Bees taking farmer on busy journey

Julie Kearney checks hives on Shingly Creek Station. Photos: Supplied
Julie Kearney checks hives on Shingly Creek Station. Photos: Supplied
Julie Kearney is getting a buzz out of bees.

Mrs Kearney and husband Tony farm sheep and beef cattle on Shingly Creek Station, a 2000ha property on the Pig Root.

Nearly three years ago, the fifth-generation farmers were discussing how they did not see many bees on the farm.

So Mrs Kearney completed a certificate in apiculture through Taratahi and she now has 14 established hives.

The bees have come through the winter well and she is looking forward to an increasedhoney harvest.

Last autumn, she harvested honey from two hives and filled 100 jars which sold outin six hours. She is thrilled to see that level of demand for what they are doing with Shingly Creek honey and howthey are doing it.

Potentially, in a good year, they could get 25kg of honey per hive with each jar holding 400g.

This year, Mrs Kearney will probably look at doing some more comb honey, if conditions allow it, and some different products.

"We’ll just see where the journey takes us," she said.

She was enjoying her newfound interest, saying there was so much going on in the hives.

Every month something different was happening and the dynamics in the hive were also very interesting.

Initially, she thought she would "have a few hives [and] get a bit of honey" but there was a huge amount more to beekeeping than that.

It had been a big learning curve and she was very grateful for the support of her tutor who had a wealth ofknowledge. The colder winters at Shingly Creek, near Morrisons, were better for the bees.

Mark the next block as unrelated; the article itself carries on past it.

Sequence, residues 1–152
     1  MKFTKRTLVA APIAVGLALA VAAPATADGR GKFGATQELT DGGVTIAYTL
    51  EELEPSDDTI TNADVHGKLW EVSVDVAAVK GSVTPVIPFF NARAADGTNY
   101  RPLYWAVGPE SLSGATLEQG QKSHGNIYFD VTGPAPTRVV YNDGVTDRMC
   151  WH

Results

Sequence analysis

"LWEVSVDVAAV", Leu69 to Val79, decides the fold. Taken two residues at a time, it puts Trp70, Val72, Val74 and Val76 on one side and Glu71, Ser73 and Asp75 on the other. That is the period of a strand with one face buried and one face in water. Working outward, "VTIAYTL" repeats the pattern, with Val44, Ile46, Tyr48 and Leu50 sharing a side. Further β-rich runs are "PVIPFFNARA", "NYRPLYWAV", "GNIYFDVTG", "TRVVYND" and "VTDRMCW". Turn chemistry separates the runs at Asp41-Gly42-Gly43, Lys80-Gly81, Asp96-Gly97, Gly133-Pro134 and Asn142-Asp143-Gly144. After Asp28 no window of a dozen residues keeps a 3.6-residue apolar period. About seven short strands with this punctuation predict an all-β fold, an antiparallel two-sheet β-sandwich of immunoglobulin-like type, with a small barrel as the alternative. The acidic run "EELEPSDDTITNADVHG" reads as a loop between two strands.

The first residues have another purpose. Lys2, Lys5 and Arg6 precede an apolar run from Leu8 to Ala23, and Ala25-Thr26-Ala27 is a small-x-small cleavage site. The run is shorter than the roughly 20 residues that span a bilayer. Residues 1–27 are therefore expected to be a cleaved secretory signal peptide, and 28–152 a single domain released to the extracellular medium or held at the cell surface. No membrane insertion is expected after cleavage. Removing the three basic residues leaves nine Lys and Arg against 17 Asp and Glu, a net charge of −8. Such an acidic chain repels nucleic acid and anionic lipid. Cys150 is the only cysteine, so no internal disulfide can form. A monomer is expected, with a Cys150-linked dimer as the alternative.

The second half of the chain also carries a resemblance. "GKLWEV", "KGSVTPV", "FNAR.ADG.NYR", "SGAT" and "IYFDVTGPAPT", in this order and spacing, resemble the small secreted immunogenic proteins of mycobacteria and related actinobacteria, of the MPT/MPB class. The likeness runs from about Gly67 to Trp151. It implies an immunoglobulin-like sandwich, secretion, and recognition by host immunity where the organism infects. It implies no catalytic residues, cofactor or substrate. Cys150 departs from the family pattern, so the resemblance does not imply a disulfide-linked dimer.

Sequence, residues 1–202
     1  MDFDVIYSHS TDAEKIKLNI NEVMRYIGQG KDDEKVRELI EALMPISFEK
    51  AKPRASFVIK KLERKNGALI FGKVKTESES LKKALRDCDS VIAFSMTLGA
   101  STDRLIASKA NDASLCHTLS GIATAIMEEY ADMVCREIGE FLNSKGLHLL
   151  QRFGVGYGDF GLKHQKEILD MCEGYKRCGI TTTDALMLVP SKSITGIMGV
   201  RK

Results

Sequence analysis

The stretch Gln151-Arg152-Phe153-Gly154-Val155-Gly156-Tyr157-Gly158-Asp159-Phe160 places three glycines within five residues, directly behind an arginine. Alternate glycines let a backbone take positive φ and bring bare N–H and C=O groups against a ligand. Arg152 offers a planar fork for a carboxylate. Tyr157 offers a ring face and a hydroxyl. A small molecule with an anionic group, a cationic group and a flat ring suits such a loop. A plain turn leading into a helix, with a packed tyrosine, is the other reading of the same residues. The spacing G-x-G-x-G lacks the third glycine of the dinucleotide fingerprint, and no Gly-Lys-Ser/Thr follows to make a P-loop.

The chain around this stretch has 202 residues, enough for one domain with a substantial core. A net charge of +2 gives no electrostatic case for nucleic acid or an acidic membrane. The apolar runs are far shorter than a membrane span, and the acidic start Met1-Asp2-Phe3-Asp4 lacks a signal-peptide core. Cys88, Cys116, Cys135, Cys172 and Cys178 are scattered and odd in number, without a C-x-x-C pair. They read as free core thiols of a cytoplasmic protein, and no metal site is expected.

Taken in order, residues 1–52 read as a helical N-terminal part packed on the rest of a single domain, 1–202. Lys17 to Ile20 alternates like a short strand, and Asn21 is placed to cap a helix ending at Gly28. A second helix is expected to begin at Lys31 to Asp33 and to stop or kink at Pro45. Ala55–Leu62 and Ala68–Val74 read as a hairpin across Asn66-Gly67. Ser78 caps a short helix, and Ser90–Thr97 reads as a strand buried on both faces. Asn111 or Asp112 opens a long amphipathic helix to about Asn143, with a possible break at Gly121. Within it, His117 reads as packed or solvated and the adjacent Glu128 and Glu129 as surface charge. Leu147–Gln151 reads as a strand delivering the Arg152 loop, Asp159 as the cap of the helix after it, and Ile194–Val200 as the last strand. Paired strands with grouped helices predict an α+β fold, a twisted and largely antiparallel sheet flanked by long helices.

She had taken a comb of honey to the local pre-school and primary school and talked about bees, how they made honey and how important they were for the environment.

Hive numbers could potentially increase, although Mrs Kearney was sticking with the same number for this season and seeing where it took her.

She wanted to retain control of it at home so it was about how to sell it.

She wanted to keep that story that it was all grown and extracted on their property.

New Zealand honey had a great story as it was very non-processed and, at Shingly Creek, they had control of all the inputs as far as the bees were foraging.

At this stage, Mrs Kearney was looking at runny, creamed and comb honey and she was also looking at beeswax wraps.

She did not want to process the honey at all, preferring to leave it "as the pure, raw product".

The kitchen of the Shingly Creek homestead was also certified, so she was able toprepare the honey for sale at home. Mrs Kearney’s husband was very supportive and he also realised the importance of having bees on the farm.

White clover was very important on their hill country and, this year, she intended spreading the hives further out around the farm.

The couple’s three young children — Sam, Paige and Tori — were also very interested in the process.

Bees were "such a positive story" — apart from potential bee stings. Mrs Kearney acknowledged she got "stung plenty" but so far there had been no adverse effects.

"They don’t like you taking their honey," she said. 

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